, Volume 187, Issue 3, pp 839–849 | Cite as

Tolerance of subzero winter cold in kudzu (Pueraria montana var. lobata)

  • Heather A. Coiner
  • Katharine Hayhoe
  • Lewis H. Ziska
  • Jeff Van Dorn
  • Rowan F. Sage
Global change ecology – original research


The use of species distribution as a climate proxy for ecological forecasting is thought to be acceptable for invasive species. Kudzu (Pueraria montana var. lobata) is an important invasive whose northern distribution appears to be limited by winter survival; however, kudzu’s cold tolerance thresholds are uncertain. Here, we used biogeographic evidence to hypothesize that exposure to − 20 °C is lethal for kudzu and thus determines its northern distribution limit. We evaluated this hypothesis using survival tests and electrolyte leakage to determine relative conductivity, a measure of cell damage, on 14 populations from eastern North America. Relative conductivity above 36% was lethal. Temperatures causing this damage averaged − 19.6 °C for northern and − 14.4 °C for southern populations, indicating kudzu acclimates to winter cold. To assess this, we measured relative conductivity of above- and belowground stems, and roots collected throughout the winter at a kudzu population in southern Ontario, Canada. Consistent with acclimation, the cold tolerance threshold of aboveground stems at the coldest time of year was − 26 °C, while stems insulated from cold extremes survived to − 17 °C—colder than the survival limits indicated by kudzu’s biogeographic distribution. While these results do not rule out alternative cold limitations, they indicate kudzu can survive winters north of its current distribution. For kudzu, biogeography is not a proxy for climatic tolerance and continued northward migration is possible. Efforts to limit its spread are therefore prudent. These results demonstrate that physiological constraints inform predictions of climate-related changes in species distribution and should be considered where possible.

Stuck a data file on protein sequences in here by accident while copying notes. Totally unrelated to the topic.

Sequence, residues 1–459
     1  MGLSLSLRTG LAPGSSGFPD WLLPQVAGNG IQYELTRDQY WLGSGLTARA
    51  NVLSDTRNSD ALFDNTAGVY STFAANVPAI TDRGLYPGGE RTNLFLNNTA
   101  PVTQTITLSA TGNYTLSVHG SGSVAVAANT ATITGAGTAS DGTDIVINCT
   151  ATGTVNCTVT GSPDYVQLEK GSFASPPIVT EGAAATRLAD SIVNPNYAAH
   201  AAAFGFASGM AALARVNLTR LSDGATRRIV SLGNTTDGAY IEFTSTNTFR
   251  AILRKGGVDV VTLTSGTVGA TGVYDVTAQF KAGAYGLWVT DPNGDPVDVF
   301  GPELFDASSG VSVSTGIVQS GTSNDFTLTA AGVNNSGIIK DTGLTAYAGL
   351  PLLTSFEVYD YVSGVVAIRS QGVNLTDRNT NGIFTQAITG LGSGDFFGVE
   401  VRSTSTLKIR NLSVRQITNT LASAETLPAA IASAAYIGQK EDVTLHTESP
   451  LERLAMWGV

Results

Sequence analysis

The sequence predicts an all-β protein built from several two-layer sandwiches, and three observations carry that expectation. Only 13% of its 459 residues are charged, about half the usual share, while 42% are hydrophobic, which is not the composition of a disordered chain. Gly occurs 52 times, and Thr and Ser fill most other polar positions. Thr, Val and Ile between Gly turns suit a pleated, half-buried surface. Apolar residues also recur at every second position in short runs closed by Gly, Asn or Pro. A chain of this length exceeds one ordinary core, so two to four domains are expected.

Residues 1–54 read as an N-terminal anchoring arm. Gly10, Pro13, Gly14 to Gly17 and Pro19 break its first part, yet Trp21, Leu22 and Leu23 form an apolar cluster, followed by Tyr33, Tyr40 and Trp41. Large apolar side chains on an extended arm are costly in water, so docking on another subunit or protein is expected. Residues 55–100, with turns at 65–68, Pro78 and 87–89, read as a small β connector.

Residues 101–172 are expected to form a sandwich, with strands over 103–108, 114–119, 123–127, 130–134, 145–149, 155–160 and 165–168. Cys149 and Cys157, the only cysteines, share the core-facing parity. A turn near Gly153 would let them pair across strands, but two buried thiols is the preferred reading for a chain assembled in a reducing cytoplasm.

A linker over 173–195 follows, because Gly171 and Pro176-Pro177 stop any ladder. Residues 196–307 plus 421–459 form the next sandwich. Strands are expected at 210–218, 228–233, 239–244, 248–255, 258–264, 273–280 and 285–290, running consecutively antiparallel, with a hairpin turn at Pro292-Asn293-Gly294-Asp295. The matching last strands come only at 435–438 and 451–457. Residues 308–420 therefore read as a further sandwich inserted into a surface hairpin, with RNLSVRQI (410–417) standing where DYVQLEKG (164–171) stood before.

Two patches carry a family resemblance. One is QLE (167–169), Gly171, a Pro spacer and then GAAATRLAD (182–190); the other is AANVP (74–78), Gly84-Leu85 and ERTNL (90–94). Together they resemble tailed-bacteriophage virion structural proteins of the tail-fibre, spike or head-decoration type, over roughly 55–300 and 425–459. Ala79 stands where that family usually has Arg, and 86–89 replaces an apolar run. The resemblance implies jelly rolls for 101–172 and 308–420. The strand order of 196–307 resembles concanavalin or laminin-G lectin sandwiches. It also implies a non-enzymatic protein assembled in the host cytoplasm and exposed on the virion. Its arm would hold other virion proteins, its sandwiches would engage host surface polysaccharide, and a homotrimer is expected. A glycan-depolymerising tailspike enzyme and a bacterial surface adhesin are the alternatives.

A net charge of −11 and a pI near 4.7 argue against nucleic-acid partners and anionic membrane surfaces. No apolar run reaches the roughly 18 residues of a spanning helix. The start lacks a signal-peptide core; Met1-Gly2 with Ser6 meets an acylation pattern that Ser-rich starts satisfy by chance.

Freezing tolerance Global warming Invasive species Species distributions Thermal acclimation Climate equilibrium Niche shift 



We are grateful to Karen Castro and the many other people who helped us locate and compile kudzu sites, and to Jessamyn Manson, Patrick Friesen, Murilo Peixoto, Florian Busch, and Jerri Lee, who assisted with field work. This work was supported by a Discovery Grant from the National Sciences and Engineering Council of Canada to RFS, by an Invasive Species Centre Partnership Fund grant to RFS and HAC from the Ontario Ministry of Natural Resources, and by graduate fellowships to HAC from the Ontario Ministry of Education and the University of Toronto.

Author contribution statement

HC designed and performed the experiments and data analysis, KH and JVD analyzed the climate data, LZ and RS conceived of the study, and LZ assisted with the Maryland collections and experiments. HC and RS wrote the manuscript.

Compliance with ethical standards

This article does not contain any studies with human participants or animals performed by any of the authors.

Conflict of interest

The authors declare that they have no conflict of interest.

Supplementary material

442_2018_4157_MOESM1_ESM.pdf (914 kb)
Supplementary material 1 (PDF 913 kb)


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Copyright information

© Springer-Verlag GmbH Germany, part of Springer Nature 2018

Authors and Affiliations

  1. 1.Department of Ecology and Evolutionary BiologyUniversity of TorontoTorontoCanada
  2. 2.Climate Science Center, Texas Tech UniversityLubbockUSA
  3. 3.ATMOS Research and ConsultingLubbockUSA
  4. 4.United States Department of AgricultureAgricultural Research Service, Adaptive Cropping Systems LaboratoryBeltsvilleUSA
  5. 5.Department of Pediatrics, Center for Better BeginningsUniversity of CaliforniaSan DiegoUSA

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